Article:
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Yongnuo YN-622C Wireless ETTL Flash Trigger Receiver Transmitter Transceiver
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- Yongnuo First Wireless E-TTL Flash Trigger YN-622 C is Released now, it's designed for Canon Camera.
- Using Digital FSK 2.4GHz frequency band with 7 channels, it has three mode, E-TTL ( II ), Manual and Multi, and it can fire flashes at 360 degree direction, the operating range is 100 metres.
- It supports FEC, FEB, FEL, High-speed Sync, 1st. Curtain, 2nd. Curtain, Modeling flash, ETTL II Group Ratio (ALL/A:B/A:B C), Manual/Multi group (ALL/ A:B/ A:B:C), Manual and Multi mode, Auto Zooming, Manual Zooming, AF Lamp.
- Suitable for camera: 1. The EOS DSLR camera with external flash control menu: Canon 5D Mark II, 5D Mark III, 1Ds Mark III, 1D Mark IV, 1D Mark III, 7D 60D 50D 40D 450D 500D 550D 600D 650D 1000D 1100D;2. The EOS DSLR Camera without external flash control manual: Canon 5D 10D 20D 30D 300D 350D 1D 1D Mark II
- Suitable for flash: Compatible ETTL Flash: ( It suport wireless remote control through camera menu ) Canon 600EX ( RT ), 580EX II, 430EX II, 320EX, 270EX II,Yongnuo YN-565EX C, YN-468 II C, YN-467 II C, YN-465 C ( Our yongnuo flash units don't support HSS Function ); Note: 430EX and 580EX or other parts of flash is not supported remote control via the camera menu, you need to manually set the flash parameters.
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|Item Dimensions||2.01 x 4.76 x 5.67 inches|
|Shipping Weight||0.6 pounds|
|Style Name||International Warranty|
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This item Yongnuo YN-622C Wireless ETTL Flash Trigger Receiver Transmitter Transceiver
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|Sold By||Sightffo||Somerset Import||DHphoto Inc||YONGNUO||Nature Pic||Duoda Digital|
|Item Dimensions||4.76 x 5.67 x 2.01 in||4.57 x 4.53 x 2.24 in||3.5 x 6 x 1.8 in||5.51 x 5.75 x 1.97 in||3.66 x 4.69 x 2.64 in||2.17 x 5.91 x 4.72 in|
Main function: a), Support Full ETTL Pass-through function when on camera Note: Speedlites on hot-shoe of transmitter support ETTL II / Manual / Multi Shutter Sync b), High-speed Synchronous The max. sync speed is 1/8000s, but some camera is just 1/4000s, and for those cameras and flashes who don't suport HSS, the sync. speed is just 1/250s or less, different cameras have different Sync speed. c), Remote Control Function The parameter of flashes on hot shoe of receivers can be set up remotely through the camera manu directly. d), Supporting mixed mode. Note: Only FEC, FEB, Ratio and Shutter sync can be set in the camera side. Manua and Multi output need to be set on the flash speedlite. e), Awaking function When half-pressing the shutter button of the camera, the hot shoe flash on the receiver will be awakened. ( for those flash has wake up function ) f), Zoom Function Zoom Automatic: length will be charnged depanding on the changes of lens. Zoom Manual: Zoom length is within 24 - 105mm Zoom Lock g), Support Single-contact of camera and flash triggering ( the max. Sync. speed is 1/250s ) You can use it with Nikon camera or Nikon flash, but you just need to set up YN-622C in manual mode. h), Flash Fire Ratio with ETTL You can set up different flash fire ratio and FEC for those flashs on hot shoe of receiver. i), Support 2pcs AA batteries, ( 1.2v rechargeable battery ), Stand-by time is 60hours. j), Dimension: 89.5 * 53 * 39MM, net weight is 78g. Note: There is a PC Sync port for YN-622C transceiver, you can use RF-602 PC / PC Cable to connect it with flash. Package included: 2 x RF-622 C transceivers 1 x Instruction in English and Chinese (Original Manufacturer Package)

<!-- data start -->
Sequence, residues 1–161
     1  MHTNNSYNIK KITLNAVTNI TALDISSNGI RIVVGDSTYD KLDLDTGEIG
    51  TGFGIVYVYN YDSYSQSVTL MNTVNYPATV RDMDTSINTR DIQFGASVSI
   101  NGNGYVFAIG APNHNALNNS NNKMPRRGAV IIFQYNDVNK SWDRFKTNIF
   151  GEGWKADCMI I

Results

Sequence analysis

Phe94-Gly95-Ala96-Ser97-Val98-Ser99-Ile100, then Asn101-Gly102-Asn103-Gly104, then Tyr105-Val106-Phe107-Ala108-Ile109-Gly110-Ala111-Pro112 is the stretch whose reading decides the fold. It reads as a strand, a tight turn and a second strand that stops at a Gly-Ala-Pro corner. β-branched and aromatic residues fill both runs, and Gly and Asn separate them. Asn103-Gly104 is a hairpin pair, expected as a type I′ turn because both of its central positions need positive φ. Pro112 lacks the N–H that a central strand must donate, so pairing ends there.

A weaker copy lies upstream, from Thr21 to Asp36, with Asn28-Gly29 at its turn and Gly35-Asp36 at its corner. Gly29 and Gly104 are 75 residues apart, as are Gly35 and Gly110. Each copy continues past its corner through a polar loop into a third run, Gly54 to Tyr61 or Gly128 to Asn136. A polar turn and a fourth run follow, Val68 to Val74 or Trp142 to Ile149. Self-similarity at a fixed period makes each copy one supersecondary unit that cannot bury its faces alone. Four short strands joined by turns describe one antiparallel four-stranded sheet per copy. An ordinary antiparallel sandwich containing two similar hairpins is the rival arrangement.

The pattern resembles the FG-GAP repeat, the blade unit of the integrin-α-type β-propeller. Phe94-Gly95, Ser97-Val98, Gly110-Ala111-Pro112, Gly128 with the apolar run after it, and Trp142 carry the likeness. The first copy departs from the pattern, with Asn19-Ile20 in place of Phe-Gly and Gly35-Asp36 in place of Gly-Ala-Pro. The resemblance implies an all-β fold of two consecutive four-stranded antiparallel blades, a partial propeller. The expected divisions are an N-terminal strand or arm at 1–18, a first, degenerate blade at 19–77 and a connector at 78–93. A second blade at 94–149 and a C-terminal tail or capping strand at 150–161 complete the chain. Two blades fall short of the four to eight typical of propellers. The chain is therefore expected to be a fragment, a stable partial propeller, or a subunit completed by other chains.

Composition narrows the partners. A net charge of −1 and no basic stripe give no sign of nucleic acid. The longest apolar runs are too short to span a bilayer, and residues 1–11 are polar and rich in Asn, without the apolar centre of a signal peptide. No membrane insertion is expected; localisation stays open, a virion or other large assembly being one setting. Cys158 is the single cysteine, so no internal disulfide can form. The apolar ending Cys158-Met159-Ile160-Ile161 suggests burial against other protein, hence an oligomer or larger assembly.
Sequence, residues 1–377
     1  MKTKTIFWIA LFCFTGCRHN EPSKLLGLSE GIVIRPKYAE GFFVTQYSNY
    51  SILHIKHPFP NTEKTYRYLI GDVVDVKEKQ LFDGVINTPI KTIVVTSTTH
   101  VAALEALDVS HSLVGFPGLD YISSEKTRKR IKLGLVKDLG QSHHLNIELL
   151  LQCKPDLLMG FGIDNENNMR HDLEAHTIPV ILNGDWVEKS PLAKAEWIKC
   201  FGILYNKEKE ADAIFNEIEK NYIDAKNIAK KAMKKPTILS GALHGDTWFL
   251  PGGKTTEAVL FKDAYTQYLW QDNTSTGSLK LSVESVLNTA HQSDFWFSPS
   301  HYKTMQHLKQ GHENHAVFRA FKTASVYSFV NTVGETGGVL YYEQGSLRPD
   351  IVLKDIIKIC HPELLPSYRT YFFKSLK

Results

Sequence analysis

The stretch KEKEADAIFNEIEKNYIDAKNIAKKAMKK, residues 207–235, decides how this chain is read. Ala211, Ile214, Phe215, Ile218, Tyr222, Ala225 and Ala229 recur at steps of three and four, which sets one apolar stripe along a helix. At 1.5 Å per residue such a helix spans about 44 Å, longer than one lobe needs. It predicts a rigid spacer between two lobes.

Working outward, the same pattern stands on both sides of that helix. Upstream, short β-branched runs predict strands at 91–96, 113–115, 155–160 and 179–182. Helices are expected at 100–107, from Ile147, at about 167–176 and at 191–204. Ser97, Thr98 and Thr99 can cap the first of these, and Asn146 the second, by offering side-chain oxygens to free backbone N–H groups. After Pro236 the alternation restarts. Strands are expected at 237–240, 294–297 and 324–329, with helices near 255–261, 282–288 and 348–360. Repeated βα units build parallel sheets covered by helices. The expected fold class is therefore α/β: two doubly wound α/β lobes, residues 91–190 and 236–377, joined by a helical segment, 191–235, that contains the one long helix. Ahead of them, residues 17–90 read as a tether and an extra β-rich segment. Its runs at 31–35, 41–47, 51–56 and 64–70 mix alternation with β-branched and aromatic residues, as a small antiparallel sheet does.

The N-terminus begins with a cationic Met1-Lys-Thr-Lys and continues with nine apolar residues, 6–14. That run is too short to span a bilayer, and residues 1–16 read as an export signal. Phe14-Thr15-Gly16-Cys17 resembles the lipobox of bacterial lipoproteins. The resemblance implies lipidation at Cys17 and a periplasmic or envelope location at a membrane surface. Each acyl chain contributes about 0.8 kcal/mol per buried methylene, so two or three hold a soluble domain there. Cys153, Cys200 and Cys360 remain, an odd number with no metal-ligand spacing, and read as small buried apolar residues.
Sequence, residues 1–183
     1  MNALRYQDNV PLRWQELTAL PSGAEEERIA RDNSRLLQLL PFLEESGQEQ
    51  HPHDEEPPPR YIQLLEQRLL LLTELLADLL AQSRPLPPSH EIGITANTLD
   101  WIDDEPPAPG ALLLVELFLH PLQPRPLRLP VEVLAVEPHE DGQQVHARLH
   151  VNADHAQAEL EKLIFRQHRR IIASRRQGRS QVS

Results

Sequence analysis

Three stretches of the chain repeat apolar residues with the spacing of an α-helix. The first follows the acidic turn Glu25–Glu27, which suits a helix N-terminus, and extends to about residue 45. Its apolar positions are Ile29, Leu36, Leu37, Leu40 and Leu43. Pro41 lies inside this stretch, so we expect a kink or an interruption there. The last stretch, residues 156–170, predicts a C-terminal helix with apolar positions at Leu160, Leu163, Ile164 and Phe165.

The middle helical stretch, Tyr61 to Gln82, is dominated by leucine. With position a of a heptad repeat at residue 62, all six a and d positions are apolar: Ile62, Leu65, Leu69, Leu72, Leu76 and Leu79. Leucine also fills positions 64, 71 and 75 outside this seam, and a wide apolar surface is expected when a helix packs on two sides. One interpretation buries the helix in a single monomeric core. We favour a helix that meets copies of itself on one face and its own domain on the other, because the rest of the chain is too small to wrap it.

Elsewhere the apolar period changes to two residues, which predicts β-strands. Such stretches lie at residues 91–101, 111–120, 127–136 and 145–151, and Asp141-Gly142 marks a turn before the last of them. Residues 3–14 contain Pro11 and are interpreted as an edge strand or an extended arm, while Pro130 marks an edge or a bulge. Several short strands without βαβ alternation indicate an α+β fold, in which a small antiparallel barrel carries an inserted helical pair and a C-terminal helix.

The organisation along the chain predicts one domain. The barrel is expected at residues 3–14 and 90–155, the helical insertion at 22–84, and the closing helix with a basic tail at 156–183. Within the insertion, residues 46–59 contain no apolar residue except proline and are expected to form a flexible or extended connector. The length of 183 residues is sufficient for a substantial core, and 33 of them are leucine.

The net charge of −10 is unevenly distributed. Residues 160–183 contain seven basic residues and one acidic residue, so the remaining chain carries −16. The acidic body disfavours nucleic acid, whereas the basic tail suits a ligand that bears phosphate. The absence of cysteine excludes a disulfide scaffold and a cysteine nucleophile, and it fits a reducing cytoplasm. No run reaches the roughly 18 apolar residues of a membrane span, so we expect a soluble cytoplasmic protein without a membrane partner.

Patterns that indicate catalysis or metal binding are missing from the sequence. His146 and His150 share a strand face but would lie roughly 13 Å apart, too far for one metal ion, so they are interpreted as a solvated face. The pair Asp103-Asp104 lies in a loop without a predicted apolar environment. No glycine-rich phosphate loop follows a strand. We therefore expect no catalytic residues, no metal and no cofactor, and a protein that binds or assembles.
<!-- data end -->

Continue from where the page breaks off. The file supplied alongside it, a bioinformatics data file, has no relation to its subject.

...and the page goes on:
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As a brief overview, these triggers will transmit an ETTL signal from your camera's hot shoe to a remotely mounted flash. This will allow automatic flash control of remote flashes. Anyone who shoots events and frequently changes camera settings, changes lenses, or subject angles, will greatly benefit from this. Instead of having to go back to your flashes and manually change the power settings, the flash does this automatically as if it were sitting atop your camera.